In the book, Amina has a comfortable life. She lives in a large house overlooking a busy street, has a few children. Though her husband is often away from the house until the late hours of the night, she remains faithful to him, ever fulfilling her duties as a wife. In turn he treated her with dignified respect, just as he is commanded in Mohammed’s Last Sermon.
By following the guidelines set forth by Mohammed, Ahmad al-Jawad proves that he is a proper Muslim husband. Not only does he treat his wife with kindness and respect, but he provides her with the best life he can.

Symbolism in All Quiet on the Western Front

All Quiet on the Western Front provides few examples of symbolism. Though things such as youth and beauty are destroyed by the war, this is merely a reflection of actual behavior during warfare. One constantly reoccurring symbol is Kemmerich’s soft airman’s boots. These boots, originally belonging to an enemy pilot, were taken by Kemmerich after the man’s death. After Kemmerick dies in the hospital, Paul delivers the boots to Müller. Later, when Müller is killed, Paul takes the boots to be his own. He is, in turn, killed in the war, while the boots assumedly survive.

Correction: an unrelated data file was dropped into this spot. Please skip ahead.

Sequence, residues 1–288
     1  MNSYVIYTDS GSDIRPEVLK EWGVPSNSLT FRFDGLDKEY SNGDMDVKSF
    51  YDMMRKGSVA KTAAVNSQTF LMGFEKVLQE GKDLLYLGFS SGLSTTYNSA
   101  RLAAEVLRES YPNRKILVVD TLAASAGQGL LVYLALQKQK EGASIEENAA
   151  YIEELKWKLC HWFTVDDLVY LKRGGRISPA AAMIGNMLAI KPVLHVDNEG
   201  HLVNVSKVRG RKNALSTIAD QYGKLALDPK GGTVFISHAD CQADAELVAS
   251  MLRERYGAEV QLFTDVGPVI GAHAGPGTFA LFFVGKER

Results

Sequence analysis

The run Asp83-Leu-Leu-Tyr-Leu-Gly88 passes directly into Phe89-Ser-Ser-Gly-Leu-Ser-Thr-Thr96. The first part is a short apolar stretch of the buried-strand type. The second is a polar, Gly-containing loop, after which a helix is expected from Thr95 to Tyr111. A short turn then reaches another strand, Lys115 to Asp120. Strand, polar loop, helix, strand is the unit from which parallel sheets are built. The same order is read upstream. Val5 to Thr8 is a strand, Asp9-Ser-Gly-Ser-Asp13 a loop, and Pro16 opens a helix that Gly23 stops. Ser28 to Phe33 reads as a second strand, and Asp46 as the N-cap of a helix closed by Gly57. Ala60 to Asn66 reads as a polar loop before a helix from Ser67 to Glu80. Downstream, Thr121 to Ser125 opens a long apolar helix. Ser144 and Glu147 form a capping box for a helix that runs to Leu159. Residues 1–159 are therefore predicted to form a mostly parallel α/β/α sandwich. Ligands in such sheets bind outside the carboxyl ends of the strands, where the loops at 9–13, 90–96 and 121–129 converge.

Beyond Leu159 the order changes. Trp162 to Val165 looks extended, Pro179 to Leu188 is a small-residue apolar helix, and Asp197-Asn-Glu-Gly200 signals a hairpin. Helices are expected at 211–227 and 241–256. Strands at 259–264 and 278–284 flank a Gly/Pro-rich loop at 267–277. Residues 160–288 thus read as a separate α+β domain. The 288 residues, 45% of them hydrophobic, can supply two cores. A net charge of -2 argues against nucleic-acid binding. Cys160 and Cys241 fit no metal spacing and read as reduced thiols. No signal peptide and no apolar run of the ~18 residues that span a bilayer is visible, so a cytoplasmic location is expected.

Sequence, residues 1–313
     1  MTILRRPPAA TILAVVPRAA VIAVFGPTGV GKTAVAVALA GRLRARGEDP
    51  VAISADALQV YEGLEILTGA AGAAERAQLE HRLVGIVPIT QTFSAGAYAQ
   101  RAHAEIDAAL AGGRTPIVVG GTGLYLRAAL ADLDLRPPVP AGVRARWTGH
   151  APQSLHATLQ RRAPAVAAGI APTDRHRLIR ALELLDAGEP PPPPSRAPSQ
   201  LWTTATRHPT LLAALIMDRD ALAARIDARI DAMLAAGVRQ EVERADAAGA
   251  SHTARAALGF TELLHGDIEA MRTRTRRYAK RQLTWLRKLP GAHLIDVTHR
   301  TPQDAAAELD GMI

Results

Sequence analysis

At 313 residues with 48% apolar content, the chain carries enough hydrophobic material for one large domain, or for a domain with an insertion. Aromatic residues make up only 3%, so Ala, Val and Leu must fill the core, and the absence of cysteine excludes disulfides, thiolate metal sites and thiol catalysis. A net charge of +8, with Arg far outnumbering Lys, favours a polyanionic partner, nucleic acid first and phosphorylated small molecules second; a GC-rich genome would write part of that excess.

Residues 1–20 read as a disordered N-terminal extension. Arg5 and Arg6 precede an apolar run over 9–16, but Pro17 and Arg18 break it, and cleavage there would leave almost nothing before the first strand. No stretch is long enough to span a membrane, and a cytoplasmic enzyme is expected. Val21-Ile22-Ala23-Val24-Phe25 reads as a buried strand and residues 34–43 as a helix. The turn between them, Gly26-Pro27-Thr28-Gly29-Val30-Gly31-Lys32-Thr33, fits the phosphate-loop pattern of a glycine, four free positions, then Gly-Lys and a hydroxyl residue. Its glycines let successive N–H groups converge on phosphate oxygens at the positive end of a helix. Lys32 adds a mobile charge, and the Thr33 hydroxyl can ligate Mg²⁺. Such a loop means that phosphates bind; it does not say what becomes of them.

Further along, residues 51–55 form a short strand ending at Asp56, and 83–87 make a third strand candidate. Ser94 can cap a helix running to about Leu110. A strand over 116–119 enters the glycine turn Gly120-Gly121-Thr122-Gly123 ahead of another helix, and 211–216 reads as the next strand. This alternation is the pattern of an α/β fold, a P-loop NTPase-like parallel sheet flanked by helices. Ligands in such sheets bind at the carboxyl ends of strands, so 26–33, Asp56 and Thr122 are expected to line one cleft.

The ability of the boots to outlive their owner symbolizes the weakness of humans. While bodies are being massacred by shells and bullets, the boots live on to serve others who are destined to die in the war. The fact that Müller was more concerned about inheriting the boots than about the dieing Kemmerick, also shows that the something as simple and inert as a pair of shoes is more valuable than the humans that possess them.